Nagaya have been disappearing from downtown Tokyo for many decades, with row upon row of these “long houses” torn down to make way for more comfortable — and profitable — residential complexes and office blocks.
However, it’s still possible to find examples of nagaya from the postwar era scattered around areas such as Sumida, Taito and Bunkyo wards today, and a new generation of creators are taking steps to customize them for their own purposes and give them a new lease on life.
Nagaya first appeared in Tokyo during the Edo Period (1603-1868) as a type of living quarters for the common class, with residents living side by side in the long wooden buildings.
The residents of such complexes shared a communal well, toilet, waste disposal area and shrine. Indeed, residents within the same building lived in close proximity to each other, creating a sense of community at a time of high-density population growth in the capital.
The single-story design remained largely unchanged until around the Taisho Era (1912-26), when a second story was added and the kitchen area, which had typically faced the alley, was moved to the back of the premises as gas and water infrastructure improved. Moreover, toilets were built into individual units.
Yoko Kobari, a historian at the Fukagawa Edo Museum, says that an Edo-era map of the Fukagawa-Saga district shows that there were 312 houses in the area. The first nationwide housing census wasn’t held until 1941, so it’s necessary to refer to maps such as this in order to get an insight into dwellings in the city.
“Of these, 249 — or around 80 percent — were rented spaces,” Kobari says. “But we can’t say for sure that all these buildings were nagaya, as some of them could have been shops or storage facilities.
“What we can say, though, is that Fukagawa housed most nagaya of all the districts in Edo (modern-day Tokyo). Many of the large industries supporting Edo were located nearby, and the artisans and laborers that worked in these industries gathered here.”
Using Edo-era woodblock prints and illustrations found in novels as reference materials, replicas on display in the museum show the types of people living in the shitamachi (downtown) area at that time. On display are dwellings for single men (a shellfish seller and a woodworker), a family, and a single woman (an educator of calligraphy and the arts). They were typically around 9 shaku (2.7 meters) wide by 2 ken (3.6 meters) deep and included a section for sleeping and eating, as well as an entranceway that often doubled as a cooking space.
In the houses’ communal spaces sits an Inari shrine, a protective deity that provides what architectural scholar Hidenobu Jinnai describes as “a spiritual bond for the denizens of the alleyway.”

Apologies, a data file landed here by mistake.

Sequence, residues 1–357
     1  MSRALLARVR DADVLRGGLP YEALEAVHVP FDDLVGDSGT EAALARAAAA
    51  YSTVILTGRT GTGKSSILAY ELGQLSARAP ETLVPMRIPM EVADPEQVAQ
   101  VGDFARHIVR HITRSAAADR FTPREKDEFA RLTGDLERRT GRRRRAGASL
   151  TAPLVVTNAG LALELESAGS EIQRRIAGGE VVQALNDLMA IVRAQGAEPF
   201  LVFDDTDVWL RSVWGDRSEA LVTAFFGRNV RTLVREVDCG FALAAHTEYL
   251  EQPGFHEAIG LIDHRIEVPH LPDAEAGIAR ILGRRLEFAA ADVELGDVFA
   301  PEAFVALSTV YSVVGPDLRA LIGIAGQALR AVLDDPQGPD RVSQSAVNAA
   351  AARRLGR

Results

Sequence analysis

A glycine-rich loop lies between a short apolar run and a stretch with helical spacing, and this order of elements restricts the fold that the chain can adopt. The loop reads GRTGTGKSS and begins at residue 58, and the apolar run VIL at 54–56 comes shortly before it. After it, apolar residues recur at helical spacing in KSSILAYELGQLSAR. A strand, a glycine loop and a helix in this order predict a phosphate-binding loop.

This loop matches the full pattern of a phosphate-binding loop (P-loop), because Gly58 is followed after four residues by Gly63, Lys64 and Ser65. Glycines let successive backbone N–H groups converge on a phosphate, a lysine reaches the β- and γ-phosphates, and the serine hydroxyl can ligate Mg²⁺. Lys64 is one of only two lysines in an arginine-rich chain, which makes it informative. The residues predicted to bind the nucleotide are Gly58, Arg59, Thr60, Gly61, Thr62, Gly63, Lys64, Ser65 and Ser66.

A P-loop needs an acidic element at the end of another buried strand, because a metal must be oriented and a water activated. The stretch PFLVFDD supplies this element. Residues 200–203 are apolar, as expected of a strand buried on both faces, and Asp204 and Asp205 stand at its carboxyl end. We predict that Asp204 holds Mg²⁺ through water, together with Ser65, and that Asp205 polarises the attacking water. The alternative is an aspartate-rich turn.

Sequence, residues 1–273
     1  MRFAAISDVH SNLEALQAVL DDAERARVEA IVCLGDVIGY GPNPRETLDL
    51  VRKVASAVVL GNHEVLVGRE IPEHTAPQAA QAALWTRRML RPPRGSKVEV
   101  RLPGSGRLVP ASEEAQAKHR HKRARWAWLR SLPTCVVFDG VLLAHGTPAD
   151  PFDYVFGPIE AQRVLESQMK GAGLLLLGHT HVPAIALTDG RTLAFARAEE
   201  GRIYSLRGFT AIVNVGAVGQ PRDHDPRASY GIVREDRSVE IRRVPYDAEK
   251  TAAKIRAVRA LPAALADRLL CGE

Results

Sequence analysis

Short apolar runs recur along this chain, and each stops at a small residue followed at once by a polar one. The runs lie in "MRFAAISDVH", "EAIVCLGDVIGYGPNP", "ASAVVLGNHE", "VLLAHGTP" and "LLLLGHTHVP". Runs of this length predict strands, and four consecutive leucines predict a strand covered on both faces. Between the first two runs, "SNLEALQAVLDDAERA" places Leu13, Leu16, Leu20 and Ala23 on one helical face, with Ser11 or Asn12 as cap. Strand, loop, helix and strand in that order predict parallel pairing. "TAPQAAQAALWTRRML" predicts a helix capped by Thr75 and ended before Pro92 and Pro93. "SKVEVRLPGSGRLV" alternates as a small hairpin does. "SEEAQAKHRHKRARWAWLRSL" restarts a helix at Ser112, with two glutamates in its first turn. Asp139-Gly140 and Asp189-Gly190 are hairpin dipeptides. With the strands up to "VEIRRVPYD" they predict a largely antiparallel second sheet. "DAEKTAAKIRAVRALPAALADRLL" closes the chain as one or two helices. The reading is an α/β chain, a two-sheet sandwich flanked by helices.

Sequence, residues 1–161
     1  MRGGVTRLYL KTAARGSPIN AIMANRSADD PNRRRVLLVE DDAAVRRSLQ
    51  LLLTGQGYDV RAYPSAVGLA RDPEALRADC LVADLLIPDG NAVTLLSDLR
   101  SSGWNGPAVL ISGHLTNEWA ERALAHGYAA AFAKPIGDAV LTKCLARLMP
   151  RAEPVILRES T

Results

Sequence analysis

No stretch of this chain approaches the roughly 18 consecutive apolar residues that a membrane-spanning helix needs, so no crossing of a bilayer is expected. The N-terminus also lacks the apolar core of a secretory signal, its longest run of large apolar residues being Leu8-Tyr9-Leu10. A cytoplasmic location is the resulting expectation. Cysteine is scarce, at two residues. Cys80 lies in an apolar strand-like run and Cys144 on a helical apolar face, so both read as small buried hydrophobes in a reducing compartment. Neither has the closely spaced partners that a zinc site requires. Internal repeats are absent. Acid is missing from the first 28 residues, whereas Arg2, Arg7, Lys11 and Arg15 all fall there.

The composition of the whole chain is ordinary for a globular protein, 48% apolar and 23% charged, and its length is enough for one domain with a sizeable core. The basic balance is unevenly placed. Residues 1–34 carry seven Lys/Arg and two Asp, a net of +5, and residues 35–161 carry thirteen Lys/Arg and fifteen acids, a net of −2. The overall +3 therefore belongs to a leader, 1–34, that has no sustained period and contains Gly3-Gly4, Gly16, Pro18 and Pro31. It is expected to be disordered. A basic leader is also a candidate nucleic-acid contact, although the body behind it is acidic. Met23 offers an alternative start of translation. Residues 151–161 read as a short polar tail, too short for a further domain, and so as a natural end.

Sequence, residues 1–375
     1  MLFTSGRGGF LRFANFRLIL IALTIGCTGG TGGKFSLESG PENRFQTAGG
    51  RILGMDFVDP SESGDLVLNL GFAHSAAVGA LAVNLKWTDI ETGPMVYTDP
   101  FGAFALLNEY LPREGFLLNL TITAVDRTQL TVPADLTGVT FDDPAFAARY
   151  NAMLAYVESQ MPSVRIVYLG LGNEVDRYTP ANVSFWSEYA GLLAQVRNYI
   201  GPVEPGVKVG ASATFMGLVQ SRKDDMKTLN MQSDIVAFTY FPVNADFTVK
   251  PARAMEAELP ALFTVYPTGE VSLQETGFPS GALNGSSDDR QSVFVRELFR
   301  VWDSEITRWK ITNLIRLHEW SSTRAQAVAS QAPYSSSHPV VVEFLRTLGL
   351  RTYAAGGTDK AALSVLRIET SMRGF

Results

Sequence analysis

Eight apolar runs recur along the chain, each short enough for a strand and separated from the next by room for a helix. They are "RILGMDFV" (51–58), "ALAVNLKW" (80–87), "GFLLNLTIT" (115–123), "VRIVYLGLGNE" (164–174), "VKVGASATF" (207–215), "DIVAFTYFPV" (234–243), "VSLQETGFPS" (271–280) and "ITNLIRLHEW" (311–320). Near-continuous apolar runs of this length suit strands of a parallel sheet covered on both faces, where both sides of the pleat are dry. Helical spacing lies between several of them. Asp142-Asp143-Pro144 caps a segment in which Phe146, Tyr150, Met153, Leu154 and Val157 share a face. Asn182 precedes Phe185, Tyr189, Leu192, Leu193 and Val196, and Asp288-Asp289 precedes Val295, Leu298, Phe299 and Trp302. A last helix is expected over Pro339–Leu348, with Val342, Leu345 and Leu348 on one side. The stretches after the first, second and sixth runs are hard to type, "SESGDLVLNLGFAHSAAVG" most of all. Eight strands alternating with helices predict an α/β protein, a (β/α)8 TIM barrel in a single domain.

In a book titled “Tokyo: A Spatial Anthropology,” Jinnai says that these shrines created a space for sunlight and ventilation, preventing what could quickly turn into unhygienic conditions in the alleyways.
Efficiency was key to life in these communities.
“The families would make everything by hand and use it until they couldn’t be used any more. It wasn’t a disposable culture like it is now,” Kobari says. “The concept of recycling was incredible — materials like paper and rice straw were used to create containers, raincoats and footwear. There is respect for things and a resourcefulness that modern Japanese people seem to have forgotten.”
One feature of note in the museum displays is the abundance of wooden buckets and wells that sit in front of each house and on street corners. Fires were obviously a constant threat.
“A huge fire broke out every 10 years or so and the houses went up in flames,” Kobari says. “However, it’s highly likely that some of the fires were set deliberately. A lot of timber yards operated in Fukagawa and a fire typically created a lot of work for the carpenters there.”
Nagaya weren’t built to last, and their ephemeral materials left them exposed to catastrophic incidents. Indeed, it’s somewhat surprising that any of the buildings survived the Great Kanto Earthquake of 1923 or the firebombing raids at the end of World War II.
One of the few nagaya from the late Edo Period to early Meiji Era (1868-1912) that remains is a mid 19th-century three-row tenement house that was built in Horie, Urayasu. It has since been dismantled and reconstructed at the Urayasu City Folk Museum.
The majority of nagaya that remain scattered throughout downtown Tokyo these days are postwar constructions. Despite their typically decrepit state, a number of young creators have rediscovered their charm, refashioning them into studios, cafes and event spaces.
The Sumida Ward neighborhood of Kyojima in particular has seen an influx of this new generation of renovators, who were initially lured to the area by the affordable rent.